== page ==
DALLAS (1080 KRLD/AP) - A federal judge in Fort Worth has temporarily blocked the Obama administration's directive to public schools that transgender students must be allowed to use the bathrooms and locker rooms consistent with their chosen gender identity.
The judge issued the preliminary injunction late Sunday in response to a lawsuit filed by Texas and 12 other states. The lawsuit challenged the directive with lawyers saying during a hearing last week that it was "unconstitutional."
The transgender facilities issue came to a head recently when Lt. Governor Dan Patrick spoke out against a change in the Fort Worth Independent School District's policies regarding rules for transgender students.
Texas Attorney General Ken Paxton, a Republican, immediately cheered the decision and issued a statement saying, in part -
"We are pleased that the court ruled against the Obama Administration's latest illegal federal overreach. This President is attempting to rewrite the laws enacted by the elected representatives of the people, and is threatening to take away federal funding from schools to force them to conform. That cannot be allowed to continue, which is why we took action to protect States and School Districts, who are charged under state law to establish a safe and disciplined environment conducive to student learning."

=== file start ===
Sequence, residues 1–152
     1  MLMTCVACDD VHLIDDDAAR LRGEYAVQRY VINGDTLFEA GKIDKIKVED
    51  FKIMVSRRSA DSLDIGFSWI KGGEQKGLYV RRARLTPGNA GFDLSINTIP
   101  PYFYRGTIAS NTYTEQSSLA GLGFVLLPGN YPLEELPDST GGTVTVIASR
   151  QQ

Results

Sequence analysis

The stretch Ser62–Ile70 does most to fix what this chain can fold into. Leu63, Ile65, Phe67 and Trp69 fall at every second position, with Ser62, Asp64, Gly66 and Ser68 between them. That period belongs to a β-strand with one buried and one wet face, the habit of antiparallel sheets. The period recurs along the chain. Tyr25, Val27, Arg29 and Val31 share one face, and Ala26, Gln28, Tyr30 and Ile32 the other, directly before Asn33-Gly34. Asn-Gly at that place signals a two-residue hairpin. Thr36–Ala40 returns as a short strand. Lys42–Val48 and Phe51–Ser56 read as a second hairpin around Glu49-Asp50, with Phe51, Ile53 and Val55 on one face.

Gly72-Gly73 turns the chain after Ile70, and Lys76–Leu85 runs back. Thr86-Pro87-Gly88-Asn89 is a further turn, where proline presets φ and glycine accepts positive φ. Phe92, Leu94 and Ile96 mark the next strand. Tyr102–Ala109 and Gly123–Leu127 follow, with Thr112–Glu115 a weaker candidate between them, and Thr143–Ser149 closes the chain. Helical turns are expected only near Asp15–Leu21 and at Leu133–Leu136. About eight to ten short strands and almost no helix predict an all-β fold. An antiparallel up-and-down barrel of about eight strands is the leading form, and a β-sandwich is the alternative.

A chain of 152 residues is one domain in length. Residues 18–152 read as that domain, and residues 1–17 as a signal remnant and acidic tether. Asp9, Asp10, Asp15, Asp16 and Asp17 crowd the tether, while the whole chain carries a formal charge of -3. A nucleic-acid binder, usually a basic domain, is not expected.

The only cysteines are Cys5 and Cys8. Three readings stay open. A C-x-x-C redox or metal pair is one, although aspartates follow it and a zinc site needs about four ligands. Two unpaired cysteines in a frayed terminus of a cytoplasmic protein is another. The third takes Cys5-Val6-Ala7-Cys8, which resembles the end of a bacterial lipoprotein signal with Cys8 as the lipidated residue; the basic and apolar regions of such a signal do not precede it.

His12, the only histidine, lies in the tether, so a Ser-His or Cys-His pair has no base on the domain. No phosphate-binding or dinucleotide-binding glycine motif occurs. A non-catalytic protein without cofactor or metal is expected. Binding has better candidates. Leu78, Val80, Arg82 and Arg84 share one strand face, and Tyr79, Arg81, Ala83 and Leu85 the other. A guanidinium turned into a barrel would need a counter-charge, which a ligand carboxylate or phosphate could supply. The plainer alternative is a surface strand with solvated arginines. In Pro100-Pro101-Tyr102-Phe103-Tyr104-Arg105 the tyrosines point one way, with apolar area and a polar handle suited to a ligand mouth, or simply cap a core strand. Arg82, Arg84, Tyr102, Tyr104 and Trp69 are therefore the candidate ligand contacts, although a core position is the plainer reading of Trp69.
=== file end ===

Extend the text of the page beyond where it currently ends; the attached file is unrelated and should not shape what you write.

The federal government told U.S. public schools in May that transgender students must be allowed to use bathrooms and locker rooms consistent with their chosen gender identity. That announcement came days after the Justice Department sued North Carolina over a state law that requires people to use public bathrooms that correspond with the sex on their birth certificate, which U.S. Attorney General Loretta Lynch had likened to policies of racial segregation. Republicans have argued such laws are commonsense privacy safeguards.
Schools were not explicitly told to comply or lose federal funds. But the Obama administration also didn't rule out that possibility in court documents filed in July, saying recipients of federal education dollars "are clearly on notice" that antidiscrimination polices must be followed. Texas alone gets roughly $10 billion in federal education funds.
The lawsuit was filed in May by Texas, Alabama, Wisconsin, West Virginia, Tennessee, Oklahoma, Louisiana, Utah and Georgia, and the Republican governors of Maine, Mississippi and Kentucky. Two small school districts in Texas and Arizona, which have fewer than 600 students combined and no transgender persons on their campuses, also joined the effort to prevent the directive from being enforced.
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